Educating young mathematicians (#2): What did you do in math today?

Our starting point with reform has been to ask: How can we help? Click To Tweet Our success is dependent on how well students can share their learning with others. Click To Tweet


Math that feels good: A model for math education reform

Interview with Western applied mathematician Lindi Wahl

Video transcript

For over 10 years we’ve been working in classrooms in Ontario and in Brazil, collaborating with teachers to develop activities that will engage young mathematicians with mathematical ideas that will surprise them, that capture their imagination.

Our starting point has been to ask the question, How can we help?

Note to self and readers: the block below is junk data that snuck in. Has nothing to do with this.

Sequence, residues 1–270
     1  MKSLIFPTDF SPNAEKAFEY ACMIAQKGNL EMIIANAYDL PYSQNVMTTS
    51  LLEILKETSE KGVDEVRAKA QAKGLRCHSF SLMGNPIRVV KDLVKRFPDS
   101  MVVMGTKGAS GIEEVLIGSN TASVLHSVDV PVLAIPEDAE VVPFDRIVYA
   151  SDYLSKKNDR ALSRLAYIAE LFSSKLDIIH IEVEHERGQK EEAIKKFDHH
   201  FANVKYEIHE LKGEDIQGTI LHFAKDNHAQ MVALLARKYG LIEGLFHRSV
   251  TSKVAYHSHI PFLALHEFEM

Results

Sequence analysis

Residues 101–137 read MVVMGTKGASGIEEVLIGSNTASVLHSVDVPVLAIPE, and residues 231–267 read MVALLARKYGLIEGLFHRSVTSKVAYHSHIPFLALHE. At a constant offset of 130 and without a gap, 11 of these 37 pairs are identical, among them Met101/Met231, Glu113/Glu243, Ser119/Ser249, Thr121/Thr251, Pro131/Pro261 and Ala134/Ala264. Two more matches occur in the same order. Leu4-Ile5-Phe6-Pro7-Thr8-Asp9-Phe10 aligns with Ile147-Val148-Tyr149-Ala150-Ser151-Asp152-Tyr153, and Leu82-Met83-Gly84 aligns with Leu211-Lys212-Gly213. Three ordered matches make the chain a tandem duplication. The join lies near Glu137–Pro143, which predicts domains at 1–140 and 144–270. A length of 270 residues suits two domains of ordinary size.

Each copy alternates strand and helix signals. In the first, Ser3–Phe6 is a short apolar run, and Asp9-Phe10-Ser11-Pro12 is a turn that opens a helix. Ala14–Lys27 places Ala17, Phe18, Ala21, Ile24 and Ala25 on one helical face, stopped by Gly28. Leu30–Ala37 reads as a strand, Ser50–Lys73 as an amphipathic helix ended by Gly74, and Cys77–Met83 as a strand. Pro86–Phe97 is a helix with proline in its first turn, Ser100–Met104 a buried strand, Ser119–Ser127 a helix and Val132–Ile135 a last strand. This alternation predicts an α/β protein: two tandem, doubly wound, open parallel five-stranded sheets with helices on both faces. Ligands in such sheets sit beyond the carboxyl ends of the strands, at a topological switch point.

So, we start with teacher needs and student learning needs, and then we wrap around those more complex ideas of mathematics.

For example, when teachers in grade 3 asked us for ideas for area representations of fractions, and how to teach that in different ways, we added around that content the concept that I described in the previous video, of infinity and limit.

So, students had lots of practice representing fractions as areas, but also they had opportunities to see that you can hold infinity in your hand.

We also take the time in classrooms to prepare students to communicate these ideas to others.

Our success is dependent on how well students can share these ideas in ways that will capture their parents’ imagination, that will offer them mathematical surprise and insight. We want to see that in the feedback that we get back.

Following this, is the animated video of Grades 1-2 students singing parents’ comments sent to their teacher, after students shared at home what they learned about growing patterns.